July August September
Notes on 2020:
It's been a strange year.... In the spring we cut down a whole load of trees -which devastated a large area of the garden -but gave us more sun and lots of compost from leaves and branches.
The leaves and branches have now mostly rotted down -and some of the areas have been replanted. In some places the 'regeneration" has been excessive and already required trimming.
In fact, the garden has now moved into a phase where trimming and removal is just as important as planting. If the garden is not yet providing an abundance of edible crops for us -it is certainly providing a lot of fodder for the pigs.
It has also been a very rainy year -so some things have grown very well, but others less so.
An excess of crops is not a problem -but we do have several areas that are turning into "rain forest jungle" very easily. The birds spread native trees and bushes -but also some that we have planted. All can get easily out of hand -so it can be hard work beating back the jungle....
On the other hand, it seems the more plants one has the better the plants grow collectively -because they provide shade for each other -and also preserve the moisture better, for when it is not raining (which can also happen for fairly long periods).
However, it can be quite a struggle to get the balance right.... also to develop an understanding of the processes involved and develop appropriate techniques to deal with the situation. However, I guess it is perhaps easier to let things get a bit out of control and then go in and have a major clean up -when one can find the time and energy.
Ducks and Chickens:
Fatima has managed the pigs well -and we have nearly recovered from last years disaster.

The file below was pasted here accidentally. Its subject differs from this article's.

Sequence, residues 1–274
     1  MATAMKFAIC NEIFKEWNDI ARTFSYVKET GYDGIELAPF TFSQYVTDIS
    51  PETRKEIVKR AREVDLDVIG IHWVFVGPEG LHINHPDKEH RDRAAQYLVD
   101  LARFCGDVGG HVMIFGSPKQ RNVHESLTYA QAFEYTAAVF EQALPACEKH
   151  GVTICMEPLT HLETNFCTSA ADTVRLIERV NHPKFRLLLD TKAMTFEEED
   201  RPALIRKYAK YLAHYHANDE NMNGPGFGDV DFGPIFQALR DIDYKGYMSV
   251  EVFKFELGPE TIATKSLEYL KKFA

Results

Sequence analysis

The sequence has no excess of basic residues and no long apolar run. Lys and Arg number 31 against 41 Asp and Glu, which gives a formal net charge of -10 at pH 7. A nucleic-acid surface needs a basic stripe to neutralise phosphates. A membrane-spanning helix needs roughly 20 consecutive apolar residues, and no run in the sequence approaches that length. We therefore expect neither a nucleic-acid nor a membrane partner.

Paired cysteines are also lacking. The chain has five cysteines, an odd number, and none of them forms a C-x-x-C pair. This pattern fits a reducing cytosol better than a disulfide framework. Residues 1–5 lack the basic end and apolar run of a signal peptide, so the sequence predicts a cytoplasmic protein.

At the beging of the year we had one boar and two piglets -"Pork" and "Beans".
At the end of the year we still have two new piglets (from Beans) -and we were expecting Beans to farrow in January. However, we are beginning to suspect that iether she is not pregnant -or the litter will be very small.
Pork has been eaten and beans is our new sow.
The Ducks and chickens are indeed quite cute (with cuddly little babies) -but also the biggest pain in the arse in the garden. They are very unruly, and greedy as hell, often fighting, sometimes injuring young chicks, -and they poo all over the place. A constant battle....
Neverthe less they seem to thrive with very little maintenance from us -except feeeding. The eggs and meat are, of course, a welcome addition to our diet.
The tilapia also continue to more or less maintain themsleves. A small handful of feed now and again -and a harvest when needed to keep the numbers down.
Cats and Dogs:
Indeed, our cats are a horrible threat to the local wildlife -but we still seem to have geckos in and around the house. Perhaps the cats do keep the local population in check.
At least one of our cats also likes chasing cockroaches -so that is a more positive skill. Sometimes they even kill a rat.... Luckily we have managed to stop the cats breeding -by getting all the females neutered.
We also have periodic invasions from dogs that are rioaming around in the area. Luckily, until now, they are fairly easy to chase away -and there have been no seruious incidents. However, they remain unwelcome guests.
Due to Covid restrictions, it took a long time before I was able to get a new camera -so less photos in some months.
To Do -in 2021:
Not much xcame of this in 202 0, I'm afraid -however, a workrythmn does sem to be developing -so, maybe once that is properly established -we can turn to realaxation more....
Maintenance seems to be the main theme for the coming year: The garden is fairly well established by now.
Removing unwanted plants and growth (creating either fodder or compost -and sometimes usable plant cuttings) then becomes the central strategy. New plants can be introduced where there are "holes" -either natural gaps or where these have been created by removing other things.
A reservoir by one of the pig pens cracked after subsidence some time ago -and still needs repairing.
Gates and Hedges:
Hedges are becoming thicker naturally.
However, our largest (southern) Gate needs repairing